Secondhand Smoke Linked to Early Asthma
Living In Smoking Family Doubles Risk for Asthma by Age 6
WebMD News Archive
July 30, 2002 -- Families that smoke may be encouraging their habit -- as well as the health risks associated with it -- in their children. A new study shows children who grow up with smokers in the family not only face a bigger risk of developing asthma by age 6, but they are also more likely to become smokers themselves before their 15th birthday.
Researchers say that early exposure to smoke can speed the decline in lung function normally associated with age, increasing the risk of heart and lung problems or even death.
The study found the number of children who were diagnosed with asthma at age 6 or younger was twice as high if a family member smoked compared with those raised in nonsmoking families (6% vs. 3%).
In addition, children in families that had one or more smokers were more likely to start smoking earlier in life and become heavy smokers. The percentage of children who began smoking at age 15 or earlier was only 5% among nonsmoking families, but rose to 8% with one smoker in the family, 12% with three smokers, and 15% with four or more smokers.
For the study, researchers measured lung function in a diverse group of 4,000 black and white men and women who were between the ages of 18 and 30 when the study began in 1985-86. The participants had follow-up examinations two, five, and 10 years later and were asked questions about their respiratory health, cigarette use, and medical history.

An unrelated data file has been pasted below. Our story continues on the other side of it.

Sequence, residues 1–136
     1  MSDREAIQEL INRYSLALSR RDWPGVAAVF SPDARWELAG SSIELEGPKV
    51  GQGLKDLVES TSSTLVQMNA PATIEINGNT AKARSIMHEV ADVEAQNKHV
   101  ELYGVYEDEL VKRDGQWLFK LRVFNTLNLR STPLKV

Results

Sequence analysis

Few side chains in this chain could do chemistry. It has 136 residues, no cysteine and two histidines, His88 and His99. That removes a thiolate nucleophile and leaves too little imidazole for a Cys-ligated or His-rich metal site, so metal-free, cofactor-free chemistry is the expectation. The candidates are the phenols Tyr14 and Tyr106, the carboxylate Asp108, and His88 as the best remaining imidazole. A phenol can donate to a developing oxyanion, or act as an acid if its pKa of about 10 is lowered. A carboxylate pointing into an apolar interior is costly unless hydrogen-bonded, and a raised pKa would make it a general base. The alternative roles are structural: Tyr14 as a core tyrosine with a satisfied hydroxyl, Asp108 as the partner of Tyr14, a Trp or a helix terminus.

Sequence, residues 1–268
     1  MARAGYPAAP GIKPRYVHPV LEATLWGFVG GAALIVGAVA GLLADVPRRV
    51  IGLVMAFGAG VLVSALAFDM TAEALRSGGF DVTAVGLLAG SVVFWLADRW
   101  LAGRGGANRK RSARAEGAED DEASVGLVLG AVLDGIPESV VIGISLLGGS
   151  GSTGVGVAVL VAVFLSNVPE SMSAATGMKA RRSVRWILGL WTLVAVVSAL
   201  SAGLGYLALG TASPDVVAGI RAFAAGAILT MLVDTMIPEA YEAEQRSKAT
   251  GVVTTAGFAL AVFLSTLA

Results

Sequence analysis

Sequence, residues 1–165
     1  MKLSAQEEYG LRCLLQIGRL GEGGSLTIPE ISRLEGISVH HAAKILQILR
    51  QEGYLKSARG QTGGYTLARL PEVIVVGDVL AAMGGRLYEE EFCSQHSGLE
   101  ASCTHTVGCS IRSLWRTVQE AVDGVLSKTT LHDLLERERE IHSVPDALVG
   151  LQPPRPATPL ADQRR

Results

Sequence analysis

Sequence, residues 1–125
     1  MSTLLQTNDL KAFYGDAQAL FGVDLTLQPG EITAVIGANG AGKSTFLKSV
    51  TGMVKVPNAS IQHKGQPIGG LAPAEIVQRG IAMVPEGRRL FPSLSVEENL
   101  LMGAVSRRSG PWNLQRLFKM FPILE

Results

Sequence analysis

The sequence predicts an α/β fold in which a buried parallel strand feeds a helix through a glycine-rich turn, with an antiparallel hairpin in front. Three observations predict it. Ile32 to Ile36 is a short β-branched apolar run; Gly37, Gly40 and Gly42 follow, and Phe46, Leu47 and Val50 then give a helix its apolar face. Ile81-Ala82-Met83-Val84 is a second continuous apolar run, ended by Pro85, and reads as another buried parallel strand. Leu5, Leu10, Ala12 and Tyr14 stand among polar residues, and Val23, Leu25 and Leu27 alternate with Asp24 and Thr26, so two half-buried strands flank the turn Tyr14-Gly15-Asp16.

About half of those surveyed said their mother smoked, and two-thirds said their father smoked. Only about 15% came from families with no smokers.
Nearly 44% of the participants had ever smoked, and about 20% were current smokers. The study found current smokers had a lower lung function at age 18 and had a faster rate of deterioration than nonsmokers. Researchers say the earlier the men or women started to smoke, the worse their lung function was likely to be.
The study also showed that the decline in lung function began earlier and was more rapid in smokers and in those who had asthma. And the combined effect of smoking and asthma on lung function decline was greater together than alone.
Although the study was unable to show a direct link between family smoking and problems with lung function, "family smoking did appear to influence the child's future behaviors that related to poorer [lung function]," writes study author David R. Jacobs Jr., PhD, of the School of Public Health at the University of Minnesota, Minneapolis, and colleagues.
Their complete report appears in the July 15 issue of the American Journal of Respiratory and Critical Care Medicine.